• Oops - we've now ended up with the same indent as before, so we may need to try another trick
  • The answer here is to coerce Revit into doing what you want by indenting the initial placement of the component 
  • Make sure that the first placement node you select is one node in from both edges
  • Select the component and repeat it
  • This will only work if the number of divisions is equal;  it will probably no longer work if you start playing around with number of divisions after repeating the component - so it pays to set the number of divisions correctly to start with.

If you want to be really clever, you could go back to the original four point adaptive component and give it some reporting parameters and use them to drive the cylinder size depending on the divided node spacing

Sunday 1 September 2013

RTC Europe - Fractal Fun with Revit Repeaters and Adaptive Components

On 27th September 2013 I will be presenting at the Revit Technology Conference in Delft in the Netherlands.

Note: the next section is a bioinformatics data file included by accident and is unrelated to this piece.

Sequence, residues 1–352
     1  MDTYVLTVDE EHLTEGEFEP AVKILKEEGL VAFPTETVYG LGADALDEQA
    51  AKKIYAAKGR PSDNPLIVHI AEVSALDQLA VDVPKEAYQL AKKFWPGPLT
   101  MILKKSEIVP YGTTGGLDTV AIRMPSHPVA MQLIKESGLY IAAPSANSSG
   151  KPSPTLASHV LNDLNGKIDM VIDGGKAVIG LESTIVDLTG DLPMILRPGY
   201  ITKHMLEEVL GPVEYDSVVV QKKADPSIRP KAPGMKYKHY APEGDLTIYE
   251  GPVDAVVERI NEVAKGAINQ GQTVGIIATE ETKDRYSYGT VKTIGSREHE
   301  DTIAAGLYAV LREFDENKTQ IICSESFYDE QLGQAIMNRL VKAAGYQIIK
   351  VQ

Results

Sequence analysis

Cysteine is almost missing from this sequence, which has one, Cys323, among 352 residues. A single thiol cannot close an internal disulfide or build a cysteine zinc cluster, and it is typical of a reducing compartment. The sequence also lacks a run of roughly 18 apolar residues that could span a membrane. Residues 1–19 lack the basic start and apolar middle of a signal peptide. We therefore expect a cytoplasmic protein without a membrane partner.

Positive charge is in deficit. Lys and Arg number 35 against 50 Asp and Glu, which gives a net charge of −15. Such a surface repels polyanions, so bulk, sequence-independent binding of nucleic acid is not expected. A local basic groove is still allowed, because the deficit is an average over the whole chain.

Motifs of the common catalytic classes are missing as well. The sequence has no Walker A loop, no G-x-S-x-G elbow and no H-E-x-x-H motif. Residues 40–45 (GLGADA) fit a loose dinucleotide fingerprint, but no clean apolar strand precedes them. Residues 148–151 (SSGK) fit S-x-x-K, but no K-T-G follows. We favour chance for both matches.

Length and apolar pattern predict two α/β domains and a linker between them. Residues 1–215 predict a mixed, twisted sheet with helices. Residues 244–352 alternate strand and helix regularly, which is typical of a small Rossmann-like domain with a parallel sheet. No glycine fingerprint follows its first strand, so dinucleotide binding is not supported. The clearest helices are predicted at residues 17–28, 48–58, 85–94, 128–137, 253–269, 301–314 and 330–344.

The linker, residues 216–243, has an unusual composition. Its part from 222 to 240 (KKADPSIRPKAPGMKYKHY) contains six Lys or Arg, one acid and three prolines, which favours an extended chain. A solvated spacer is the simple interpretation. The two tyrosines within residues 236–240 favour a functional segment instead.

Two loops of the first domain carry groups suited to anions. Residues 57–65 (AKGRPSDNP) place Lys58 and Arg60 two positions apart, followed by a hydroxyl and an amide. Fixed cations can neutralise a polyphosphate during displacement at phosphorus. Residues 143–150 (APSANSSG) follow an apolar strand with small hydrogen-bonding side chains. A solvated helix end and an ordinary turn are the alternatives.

The topic of my presentation will be:
"Fractal Fun with Revit Repeaters and Adaptive Components" - this will be a new, improved version of the presentations that I gave at RTC in Auckland and Vancouver earlier this year.  Yes, RTC is so good that I'll be attending at all three venues this year.

As part of the presentation, all being well, I intend to give a live demonstration of how to build a fully parametric Revit model of the roof structure shown below - within about 30 minutes.  This is the Gare do Oriente in lisbon, designed by Santiago Calatrava.

Based on feedback I received from RTC in Vancouver, I have updated the handouts to reflect changes made to the modeling process that I will demonstrate.  For anyone who downloaded my presentation from the earlier RTC events, you might like to get an udated version from RTC Europe.

Gare do Oriente, Lisbon by Santiago Calatrava

Every single Revit Technology Conference has been really fantastic, and I have learned new things every time - usually they have saved me more time than the hours I spent there.  I have been able to go back to the office and quickly solve problems that have had me stumped before, or implement new techniques.